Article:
The process by which ant scouts move a group of nestmates toward a newly discovered food site is called recruitment. In this paper, I report on the interactions between scouts and nestmates that result in a graded recruitment response to graded food quality in the fire ant, Solenopsis invicta. Twelve experimental groups composed of 100 fire ant workers and 50 fire ant larvae were established (three experimental groups per colony x four stock colonies). Each experimental group was placed in a shallow, artificial nest with a glass cover. After a 48-h period of food deprivation, experimental groups were exposed to one of three concentrations of sugar water. Behavioral interactions between scouts and nestmates in each group were videotaped at 10x magnification for 20 min. Detailed behavioral data on a total of 120 scouts (10 scouts per experimental group) and ~1,000 nestmates (~90 nestmates per experimental group) were transcribed from the videotapes using standard play and frame-by-frame techniques. Throughout the recruitment process, scouts employed six discrete behaviors to inform nestmates of the location and quality of a food site. Scouts laid incoming trails, waggled their heads, increased walking tempo, stroked nestmates with their antennae, advertised with a brief food display, and led groups of nestmates to the food site by laying outgoing trails. In turn, nestmates assessed the food sample with antennae, then responded to or resisted recruitment based on the quality of food advertised, their employment status and their level of hunger. In summary, recruitment was an emergent property based on competent supply and demand decisions made face-to-face inside the nest rather than on the trail or at the food site.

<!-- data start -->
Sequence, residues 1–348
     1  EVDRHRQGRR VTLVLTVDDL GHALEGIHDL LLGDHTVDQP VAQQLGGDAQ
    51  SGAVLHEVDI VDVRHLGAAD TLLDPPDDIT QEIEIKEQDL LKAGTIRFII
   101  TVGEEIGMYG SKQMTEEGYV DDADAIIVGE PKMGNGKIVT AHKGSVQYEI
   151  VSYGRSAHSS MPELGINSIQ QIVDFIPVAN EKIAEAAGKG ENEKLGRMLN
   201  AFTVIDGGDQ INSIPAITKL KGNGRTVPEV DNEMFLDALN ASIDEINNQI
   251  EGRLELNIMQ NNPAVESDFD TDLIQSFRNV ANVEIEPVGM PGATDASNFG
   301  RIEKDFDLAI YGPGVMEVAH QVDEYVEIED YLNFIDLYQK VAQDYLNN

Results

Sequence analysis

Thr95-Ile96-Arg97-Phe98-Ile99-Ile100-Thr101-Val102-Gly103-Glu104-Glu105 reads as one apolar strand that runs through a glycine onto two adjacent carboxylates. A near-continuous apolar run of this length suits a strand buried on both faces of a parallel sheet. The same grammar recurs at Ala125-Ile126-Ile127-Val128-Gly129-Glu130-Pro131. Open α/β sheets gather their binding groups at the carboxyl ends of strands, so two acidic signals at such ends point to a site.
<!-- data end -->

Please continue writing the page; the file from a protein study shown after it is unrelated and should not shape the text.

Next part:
Rules of supply and demand regulate recruitment to food in an ant society.Faculty Publications
Date IssuedJanuary 2003
Creative Commons LicenseCreative Commons Attribution-Noncommercial-No Derivative Works 4.0
Citation InformationCassill, D. (2003). Rules of supply and demand regulate recruitment to food in an ant society. Behavioral Ecology and Sociobiology, 54, 441-450. doi: 10.1007/s00265-003-0639-7